The fin whale stranded near Ballinskelligs, Co Kerry was visited by IWDG Strandings Officer Stephanie Levesque under the Deep Diving and Rare species Investigation Programme (DDRIP). DDRIP was initiated by the IWDG in 2022 in response to a well-documented increase in recent years in cetacean stranding records reported through the IWDG Stranding scheme.
These include rare and deep diving species, particularly individual Sowerby’s and Cuvier’s beaked whales, both live strandings and dead. Mass strandings of deep diving species, which have been considered Unusual Mortality Events (UME), have also increased, the cause(s) of which remain unknown. This rise in stranding records has led to an increased awareness of these animals, especially beaked whales (family Ziiphidae), and the potential offshore pressures they are experiencing.
Rarely stranded deep diving species:
Cuvier’s beaked whale (Ziphiuscavirostris); True’s beaked whale (Mesoplodon mirus); Sowerby’s beaked whale (Mesoplodon mirus); Northern bottlenose whale (Hyperoodon ampullatus); Sperm whale (Physeter macrocephalus); Pygmy sperm whale (Kogia brevicep); Dwarf sperm whale (Kogia sima)
Rarely stranded, non deep-diving species:
Fin whale (Balaenoptera physalus); Humpback whale (Megaptera novaeangliae); Killer whale (Orcinus orca); Risso’s dolphin (Grampus griseus); White-beaked dolphin (Lagenorhynchus albirostri); Atlantic white-sided dolphin (Lagenorhynchus acutus)
Following an analysis of historical stranding rates archived in the IWDG Stranding Database (McGovern et al. 2017) particularly between 2017 and 2021, we estimate that there will be an average of eight animals suitable for necropsy per year. It is unlikely that it will be possible to carry out a post-mortem on all animals reported in suitable condition as unfavourable weather conditions, as well as the size and location of the animal, may limit accessibility to the carcass. Therefore, we estimate that five of the eight animals stranded in fresh condition would be collected for post-mortem examination.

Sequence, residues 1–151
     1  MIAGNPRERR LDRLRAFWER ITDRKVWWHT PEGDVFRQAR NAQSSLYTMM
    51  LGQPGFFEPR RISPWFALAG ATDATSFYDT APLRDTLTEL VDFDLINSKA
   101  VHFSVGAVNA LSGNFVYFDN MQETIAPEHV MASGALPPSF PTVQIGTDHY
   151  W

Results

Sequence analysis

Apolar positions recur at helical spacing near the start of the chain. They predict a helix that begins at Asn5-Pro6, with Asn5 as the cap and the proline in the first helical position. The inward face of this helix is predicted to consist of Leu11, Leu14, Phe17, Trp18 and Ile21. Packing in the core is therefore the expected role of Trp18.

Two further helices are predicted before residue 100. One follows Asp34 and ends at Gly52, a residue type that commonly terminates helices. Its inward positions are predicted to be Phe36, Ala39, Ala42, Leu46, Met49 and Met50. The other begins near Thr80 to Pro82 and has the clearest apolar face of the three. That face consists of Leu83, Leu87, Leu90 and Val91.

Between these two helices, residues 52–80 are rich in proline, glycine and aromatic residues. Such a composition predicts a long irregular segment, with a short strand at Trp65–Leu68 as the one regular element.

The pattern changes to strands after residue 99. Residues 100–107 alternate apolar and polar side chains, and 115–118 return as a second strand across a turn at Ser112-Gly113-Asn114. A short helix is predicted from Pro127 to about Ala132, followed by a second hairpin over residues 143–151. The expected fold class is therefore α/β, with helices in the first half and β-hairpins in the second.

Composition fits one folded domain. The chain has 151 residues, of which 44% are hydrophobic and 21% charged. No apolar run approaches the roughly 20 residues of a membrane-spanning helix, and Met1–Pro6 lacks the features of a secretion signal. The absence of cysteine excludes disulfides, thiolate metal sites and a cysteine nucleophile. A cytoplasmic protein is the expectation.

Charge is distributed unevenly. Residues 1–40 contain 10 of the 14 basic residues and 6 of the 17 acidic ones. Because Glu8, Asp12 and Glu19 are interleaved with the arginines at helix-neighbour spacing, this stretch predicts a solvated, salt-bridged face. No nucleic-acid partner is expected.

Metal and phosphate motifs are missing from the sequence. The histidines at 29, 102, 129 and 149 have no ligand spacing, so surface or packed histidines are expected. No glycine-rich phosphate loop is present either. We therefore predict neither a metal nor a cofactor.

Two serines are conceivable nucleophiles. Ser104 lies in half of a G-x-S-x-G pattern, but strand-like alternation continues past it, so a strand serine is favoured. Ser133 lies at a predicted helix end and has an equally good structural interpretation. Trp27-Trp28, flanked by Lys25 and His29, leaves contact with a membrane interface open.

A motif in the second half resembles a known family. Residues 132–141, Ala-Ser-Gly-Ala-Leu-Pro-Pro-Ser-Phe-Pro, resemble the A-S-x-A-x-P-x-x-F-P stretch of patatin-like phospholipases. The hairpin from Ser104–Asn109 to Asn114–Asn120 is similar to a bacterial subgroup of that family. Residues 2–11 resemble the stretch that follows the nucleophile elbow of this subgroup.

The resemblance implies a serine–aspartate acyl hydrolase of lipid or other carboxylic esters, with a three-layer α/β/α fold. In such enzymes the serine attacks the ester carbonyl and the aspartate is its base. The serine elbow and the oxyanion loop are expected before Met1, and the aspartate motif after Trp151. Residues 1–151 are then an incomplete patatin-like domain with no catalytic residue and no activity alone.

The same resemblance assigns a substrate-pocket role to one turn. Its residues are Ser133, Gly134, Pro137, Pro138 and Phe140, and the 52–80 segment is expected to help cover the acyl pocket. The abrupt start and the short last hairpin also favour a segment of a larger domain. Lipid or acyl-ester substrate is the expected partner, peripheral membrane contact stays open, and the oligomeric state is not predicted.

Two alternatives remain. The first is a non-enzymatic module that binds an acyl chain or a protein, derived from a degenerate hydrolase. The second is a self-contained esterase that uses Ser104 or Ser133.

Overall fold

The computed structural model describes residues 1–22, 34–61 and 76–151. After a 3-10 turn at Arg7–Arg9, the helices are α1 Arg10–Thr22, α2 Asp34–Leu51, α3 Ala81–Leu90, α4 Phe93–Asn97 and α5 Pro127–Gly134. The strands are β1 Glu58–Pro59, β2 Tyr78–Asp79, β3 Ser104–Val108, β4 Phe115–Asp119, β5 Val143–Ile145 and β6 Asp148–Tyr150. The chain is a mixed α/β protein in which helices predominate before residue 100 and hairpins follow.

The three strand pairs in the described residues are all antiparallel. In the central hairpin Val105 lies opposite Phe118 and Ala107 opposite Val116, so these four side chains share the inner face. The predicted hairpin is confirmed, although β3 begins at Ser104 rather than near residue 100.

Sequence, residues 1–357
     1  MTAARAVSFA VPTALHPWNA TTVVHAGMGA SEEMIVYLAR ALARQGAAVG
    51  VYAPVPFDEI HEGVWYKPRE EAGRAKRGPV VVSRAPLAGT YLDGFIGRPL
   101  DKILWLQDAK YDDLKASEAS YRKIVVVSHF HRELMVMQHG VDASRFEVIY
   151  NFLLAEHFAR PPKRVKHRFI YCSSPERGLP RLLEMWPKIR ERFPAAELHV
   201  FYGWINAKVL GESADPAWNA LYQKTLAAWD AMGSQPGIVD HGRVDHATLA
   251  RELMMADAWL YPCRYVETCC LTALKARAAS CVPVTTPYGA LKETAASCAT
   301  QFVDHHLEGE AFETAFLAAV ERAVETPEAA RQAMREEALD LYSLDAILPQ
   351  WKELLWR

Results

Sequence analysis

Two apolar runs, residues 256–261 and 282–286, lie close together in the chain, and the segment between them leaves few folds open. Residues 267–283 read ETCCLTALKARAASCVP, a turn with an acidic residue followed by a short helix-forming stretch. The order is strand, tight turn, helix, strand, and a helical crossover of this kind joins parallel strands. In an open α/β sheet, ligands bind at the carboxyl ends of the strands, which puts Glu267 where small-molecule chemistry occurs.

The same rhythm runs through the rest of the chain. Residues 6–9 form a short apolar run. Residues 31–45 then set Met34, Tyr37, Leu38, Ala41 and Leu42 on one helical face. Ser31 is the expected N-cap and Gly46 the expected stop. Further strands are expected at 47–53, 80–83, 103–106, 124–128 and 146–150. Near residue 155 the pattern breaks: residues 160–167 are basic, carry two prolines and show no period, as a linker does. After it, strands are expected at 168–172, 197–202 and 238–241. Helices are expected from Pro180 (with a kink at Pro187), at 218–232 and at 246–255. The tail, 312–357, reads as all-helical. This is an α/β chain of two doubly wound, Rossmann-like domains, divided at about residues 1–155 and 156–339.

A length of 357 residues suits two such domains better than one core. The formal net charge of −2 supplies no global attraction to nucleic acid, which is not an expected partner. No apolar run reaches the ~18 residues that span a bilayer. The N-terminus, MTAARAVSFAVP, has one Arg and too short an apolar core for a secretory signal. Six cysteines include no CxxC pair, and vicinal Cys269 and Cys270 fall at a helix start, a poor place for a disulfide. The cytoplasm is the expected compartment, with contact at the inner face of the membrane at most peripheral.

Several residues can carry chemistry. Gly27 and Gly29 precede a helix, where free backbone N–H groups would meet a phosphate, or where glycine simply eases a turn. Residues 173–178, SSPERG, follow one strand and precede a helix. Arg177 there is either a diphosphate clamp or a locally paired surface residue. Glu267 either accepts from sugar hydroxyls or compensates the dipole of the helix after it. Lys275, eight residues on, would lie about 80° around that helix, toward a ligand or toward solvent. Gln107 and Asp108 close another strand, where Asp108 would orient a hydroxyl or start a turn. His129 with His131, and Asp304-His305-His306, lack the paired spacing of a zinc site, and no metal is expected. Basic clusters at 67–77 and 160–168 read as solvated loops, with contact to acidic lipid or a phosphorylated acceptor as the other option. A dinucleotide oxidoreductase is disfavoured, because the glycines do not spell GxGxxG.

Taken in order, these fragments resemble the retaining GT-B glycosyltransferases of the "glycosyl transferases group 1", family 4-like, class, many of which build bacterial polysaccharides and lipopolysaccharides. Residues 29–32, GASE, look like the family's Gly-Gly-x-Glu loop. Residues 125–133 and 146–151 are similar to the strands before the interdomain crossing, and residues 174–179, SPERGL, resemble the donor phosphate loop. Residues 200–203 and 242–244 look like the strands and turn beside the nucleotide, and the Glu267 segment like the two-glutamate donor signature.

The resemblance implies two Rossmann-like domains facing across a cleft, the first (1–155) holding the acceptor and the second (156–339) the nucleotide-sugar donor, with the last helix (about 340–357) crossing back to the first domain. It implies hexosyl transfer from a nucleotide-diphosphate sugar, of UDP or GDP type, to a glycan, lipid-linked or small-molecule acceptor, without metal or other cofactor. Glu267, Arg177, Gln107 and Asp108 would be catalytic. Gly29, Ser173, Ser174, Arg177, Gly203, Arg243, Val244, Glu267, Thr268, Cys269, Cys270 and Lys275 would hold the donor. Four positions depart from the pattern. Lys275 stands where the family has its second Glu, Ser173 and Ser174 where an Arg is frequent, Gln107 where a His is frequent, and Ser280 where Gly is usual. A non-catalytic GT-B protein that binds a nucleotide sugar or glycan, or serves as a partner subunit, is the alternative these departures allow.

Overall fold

DDRIP aims to carry out full post-mortem examination of a number of target species including fin and humpback, whales which are not rare but not frequently stranded. To carry out a post-mortem to establish cause of death requires trained veterinarians and the carcass to be in good condition. Unfortunately this individual was too decomposed for a full post-mortem. Stephanie collected a number of samples useful for biological studies but not able to establish cause of death.
The whale was a male measuring 19m in length which would have made it not fully grown. Samples of skin, blubber and baleen were taken.
For the disposal of animal remains, five options are currently available – the decision of which method to use will rest with the Local County Council or Vet lab:
1) Bury on site
2) Tow out to sea
4) Disposal at Vet Lab
5) Remain on site
Following a conversation with Kerry County Council they are intending to let it remain on site as the land is private and it is quite secluded.
During the first year of DDRIP the IWDG examined six animals were collected and examined under DDRIP: one white-beaked dolphin (Lagenorhynchus albirostris) from Co. Mayo, one pygmy sperm whale (Kogia breviceps) from Co. Donegal, one dwarf sperm whale (Kogia sima) – a new species to Ireland – from Co. Cork, one True’s beaked whale (Mesoplodon mirus) from Co. Kerry, one Cuvier’s beaked whale (Ziphius cavirostris) also from Co. Kerry, and one Sowerby’s beaked whale (Mesoplodon bidens) from Co. Mayo. Four animals were recovered to Regional Vet Labs (Athlone and Cork), while two animals were examined on site due to the inability of the RVLs to accommodate them due to their large size.
DDRIP is part-funded by the National Parks and Wildlife Service of the Department of Housing, Heritage and Local Government.